Friday, March 28, 2008

One Point Twenty-One Giga-watts!

I lied it is only 1.0 giga-watts. As the American Century draws to a close the Pacific Century surges forward.
Sharp invests $72M in Japan thin-film solar cell plant
Sharp has made a total capital investment of approximately $724
million to build a thin-film solar cell plant in Sakai, Osaka
Prefecture, that is capable of annual production up to 1 gigawatt per
year. With the annual production capacity on a 1 gigawatt scale,
Applied Materials may be the supplier of the equipment.

Via Electronic News.
The Dawg House is being evaluated for a 0.000004 giga-watt installation. This plant alone could provide for 250,000 per year. In three years this kind of plant by itself would meet the Million Solar Roofs goal years early.


wagga said...

Dawghouse will be first in the neighborhood with a system?

Rob Dawg said...

Maybe second. ;-)

Seriously, there are a few old passive water systems for pools but no visible PVs. You know the neighborhood, perfect for solar, too rich to care. Yet.

Winston said...

Hey Rob, here's another big piece of PV news. Notice that the good folks at SoCal Edison are only planning to pay $3.50/Watt, which is cheap enough to be competitive with Natural Gas in your neck of the woods.

w said...

What the hell is a gigawatt?

tk said...

To put it a gigawatt in perspective, a coal-fired power plant is typically around a few hundred megawatts, so a gigawatt is a lot.

This is cool. My company here in the Bay Area is licensing a new type of technology to make cheap, solar-grade silicon and the push to put more solar panels on houses only brings us more money. But actually, it's a lot more efficient and a better use of resources to build a few large power plants based on solar energy and send that electricity to thousands of rooms rather than installing thousands of little solar systems on those same homes. Where is the push to do that?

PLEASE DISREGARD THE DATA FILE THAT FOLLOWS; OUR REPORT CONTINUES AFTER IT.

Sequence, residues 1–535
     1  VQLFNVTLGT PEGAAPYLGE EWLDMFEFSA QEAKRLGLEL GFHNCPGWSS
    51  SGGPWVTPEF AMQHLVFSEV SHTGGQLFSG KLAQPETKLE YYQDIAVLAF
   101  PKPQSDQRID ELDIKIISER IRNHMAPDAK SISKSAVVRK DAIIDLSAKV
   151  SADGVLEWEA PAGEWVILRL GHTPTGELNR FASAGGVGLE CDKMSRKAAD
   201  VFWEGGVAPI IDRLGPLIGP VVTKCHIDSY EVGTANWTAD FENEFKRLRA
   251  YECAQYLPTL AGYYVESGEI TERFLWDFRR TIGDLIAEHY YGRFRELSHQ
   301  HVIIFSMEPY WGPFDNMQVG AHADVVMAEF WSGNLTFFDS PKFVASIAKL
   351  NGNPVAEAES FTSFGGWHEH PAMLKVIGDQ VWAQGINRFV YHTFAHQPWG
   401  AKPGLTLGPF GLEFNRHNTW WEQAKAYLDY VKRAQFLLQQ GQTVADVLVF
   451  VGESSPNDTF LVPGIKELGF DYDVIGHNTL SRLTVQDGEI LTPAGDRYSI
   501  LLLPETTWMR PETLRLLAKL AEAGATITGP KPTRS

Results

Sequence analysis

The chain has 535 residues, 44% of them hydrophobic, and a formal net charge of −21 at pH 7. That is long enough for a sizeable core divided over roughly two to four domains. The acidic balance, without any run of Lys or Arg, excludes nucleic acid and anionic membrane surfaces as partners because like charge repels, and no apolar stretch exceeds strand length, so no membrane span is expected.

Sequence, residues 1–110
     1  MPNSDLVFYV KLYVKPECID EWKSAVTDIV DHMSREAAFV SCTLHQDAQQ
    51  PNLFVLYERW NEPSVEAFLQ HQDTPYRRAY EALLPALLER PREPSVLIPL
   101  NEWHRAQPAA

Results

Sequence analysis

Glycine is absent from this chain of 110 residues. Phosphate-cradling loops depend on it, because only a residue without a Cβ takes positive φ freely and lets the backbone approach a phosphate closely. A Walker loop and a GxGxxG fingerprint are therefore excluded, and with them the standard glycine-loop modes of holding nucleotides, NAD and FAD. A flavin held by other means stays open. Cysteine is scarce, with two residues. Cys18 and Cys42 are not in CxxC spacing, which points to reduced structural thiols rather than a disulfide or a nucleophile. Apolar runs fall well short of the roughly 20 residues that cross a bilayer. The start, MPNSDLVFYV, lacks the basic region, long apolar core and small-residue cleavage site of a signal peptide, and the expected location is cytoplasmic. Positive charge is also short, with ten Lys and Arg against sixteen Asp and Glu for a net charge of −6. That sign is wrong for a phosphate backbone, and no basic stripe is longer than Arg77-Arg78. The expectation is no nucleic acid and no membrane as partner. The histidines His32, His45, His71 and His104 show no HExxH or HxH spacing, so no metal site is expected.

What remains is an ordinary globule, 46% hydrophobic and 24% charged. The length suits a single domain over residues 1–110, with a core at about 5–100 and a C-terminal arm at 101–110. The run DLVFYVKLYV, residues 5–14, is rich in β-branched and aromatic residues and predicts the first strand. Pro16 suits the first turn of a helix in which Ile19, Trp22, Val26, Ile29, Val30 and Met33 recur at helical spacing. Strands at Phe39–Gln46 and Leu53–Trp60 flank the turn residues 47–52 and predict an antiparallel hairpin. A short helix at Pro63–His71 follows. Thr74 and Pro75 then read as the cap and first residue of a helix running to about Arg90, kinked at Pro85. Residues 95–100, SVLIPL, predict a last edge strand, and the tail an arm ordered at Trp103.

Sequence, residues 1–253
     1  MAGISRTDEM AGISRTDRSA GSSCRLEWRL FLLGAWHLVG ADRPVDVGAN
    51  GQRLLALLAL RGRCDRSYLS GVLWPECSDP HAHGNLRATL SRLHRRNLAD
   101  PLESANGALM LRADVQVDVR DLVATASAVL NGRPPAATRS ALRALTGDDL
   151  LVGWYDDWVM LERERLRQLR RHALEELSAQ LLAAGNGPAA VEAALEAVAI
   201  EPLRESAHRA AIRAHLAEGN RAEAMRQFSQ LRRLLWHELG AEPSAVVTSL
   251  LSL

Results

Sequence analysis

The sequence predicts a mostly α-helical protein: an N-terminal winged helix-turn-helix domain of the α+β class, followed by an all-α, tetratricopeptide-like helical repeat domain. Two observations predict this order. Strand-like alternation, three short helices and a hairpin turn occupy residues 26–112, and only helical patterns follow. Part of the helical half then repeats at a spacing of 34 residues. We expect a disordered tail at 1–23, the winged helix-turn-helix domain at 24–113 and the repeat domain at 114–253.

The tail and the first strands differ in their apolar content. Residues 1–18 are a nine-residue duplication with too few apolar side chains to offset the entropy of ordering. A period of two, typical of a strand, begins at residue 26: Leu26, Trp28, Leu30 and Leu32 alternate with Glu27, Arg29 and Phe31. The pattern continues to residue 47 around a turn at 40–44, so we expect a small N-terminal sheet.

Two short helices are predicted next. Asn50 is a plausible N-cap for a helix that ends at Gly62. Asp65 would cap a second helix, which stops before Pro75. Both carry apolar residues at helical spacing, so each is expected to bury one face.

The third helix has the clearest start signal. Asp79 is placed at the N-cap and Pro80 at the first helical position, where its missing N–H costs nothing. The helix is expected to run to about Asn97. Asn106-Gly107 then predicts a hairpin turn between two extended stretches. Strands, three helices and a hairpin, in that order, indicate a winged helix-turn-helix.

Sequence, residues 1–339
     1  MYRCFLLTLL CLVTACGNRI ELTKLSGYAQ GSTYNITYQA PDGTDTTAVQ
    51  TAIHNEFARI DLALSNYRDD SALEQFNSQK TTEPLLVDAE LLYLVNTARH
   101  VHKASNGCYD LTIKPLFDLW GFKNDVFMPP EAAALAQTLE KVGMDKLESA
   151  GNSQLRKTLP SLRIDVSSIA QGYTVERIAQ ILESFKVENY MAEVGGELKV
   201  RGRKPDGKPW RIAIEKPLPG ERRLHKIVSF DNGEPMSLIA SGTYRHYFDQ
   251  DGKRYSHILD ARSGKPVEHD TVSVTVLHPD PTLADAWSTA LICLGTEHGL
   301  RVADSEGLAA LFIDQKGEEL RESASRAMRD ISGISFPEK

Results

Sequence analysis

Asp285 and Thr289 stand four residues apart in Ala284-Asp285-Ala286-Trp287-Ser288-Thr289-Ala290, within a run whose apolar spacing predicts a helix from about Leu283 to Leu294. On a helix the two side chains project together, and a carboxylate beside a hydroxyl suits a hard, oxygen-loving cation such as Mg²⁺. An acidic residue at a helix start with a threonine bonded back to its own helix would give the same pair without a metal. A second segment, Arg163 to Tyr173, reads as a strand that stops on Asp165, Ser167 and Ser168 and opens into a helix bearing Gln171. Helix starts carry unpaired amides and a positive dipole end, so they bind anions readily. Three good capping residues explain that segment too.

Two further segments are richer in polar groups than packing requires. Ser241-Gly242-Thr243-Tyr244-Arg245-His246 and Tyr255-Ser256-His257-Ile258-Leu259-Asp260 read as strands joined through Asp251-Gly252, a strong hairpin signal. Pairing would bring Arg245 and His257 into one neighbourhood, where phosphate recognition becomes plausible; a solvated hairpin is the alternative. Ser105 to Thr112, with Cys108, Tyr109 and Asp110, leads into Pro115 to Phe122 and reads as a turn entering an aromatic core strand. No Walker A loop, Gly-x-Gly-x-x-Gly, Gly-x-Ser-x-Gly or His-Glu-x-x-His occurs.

Casey Serin said...

Rob, in 1985 I'm sure solar cells are availabale at every corner drugstore. But here in 1955 they're a little hard to come by!!


Steve said...


Details...Details.. much before state rebates, how much after, what's your time line to recap the investmet? At the top rate, which I do hit, KW's are around .38 each, so big money there.

I'm inland from you and went with a swamp cooler last year(aka evaporative cooler)and knocked about $200/month off in the peak heat months. Been considering Solar but the "best" deal was around $30K before rebates and many of the companies in the business appear to be staff by ex mortgage brokers.

What are those silly little details el jefie Dog?

Winston said...


The nice thing about photovoltaics is that there isn't a lot of reason to build really big installations. In fact, one of the big advantages of photovoltaics over say the solar thermal technologies is that you can produce electricity near where it is consumed, saving transmission costs. The project I linked to seems pretty close to an ideal use of PV in that large commercial roofs are big enough to get the installation costs down but small enough that you can fit them near where power is consumed saving the need for expensive (and difficult to build for the same reasons that roads are difficult to build) transmission lines.

Rob Dawg said...

Steve, I've been relating the details over the last few weeks. I are un real engineer, my B-I-L a real 'trician. $16k for 30x165W hard framed panels. 7kW conditioner and tie in hoping $4000. A few hundred dollars more for intelligent switching in anticipation of an electric car. $3500 in parts/supplies. Additional Labor $2500. $9k CA rebate. $2k Fed rebate. Savings on the electric bill covers ~80% of the remainder. Expected ROI 6-7 years. If electricity goes above 18¢ baseline then instant ROI.

Rob Dawg said...

The big lie is the big installations. PV are distrbuted elements and that's why the big companies hate them. The old saw; "you can't meter the sun" sounds trite but is true.

Steve said...


Last time I price a system out, about $35 K before rebates, $16K after all was said and done.

SCE plays a bit of a game with net metering, they only pay the lowest rate for the electricity you "sell" them, and then no doubt resell at the whopping 35+ cent rate.

I've often wondered if there was a business to rent roof space from homes, stores and others to "farm" electricity to sell back into the grid.

Saw a show on the 'Tube about a company out in Md of all places that does that very thing with Whole Paycheck Food stores. Company puts up the solar array, takes on the maintenance and upkeep, sells power back to the store for a fixed amount per KW/h for 20 years.

Neat business model, probably some reason why the Edison's of CA. would fight it.

Steve said...

Sun Edison, interesting company.

Winston said...

Well, the solar thermal installations are still cheaper than PV and SoCal Edison's PV plans look cheaper than I've ever heard of an individual's solar installation being, so for the time being, distributed PV isn't going to take over. In the longer run, theres a good chance that it will.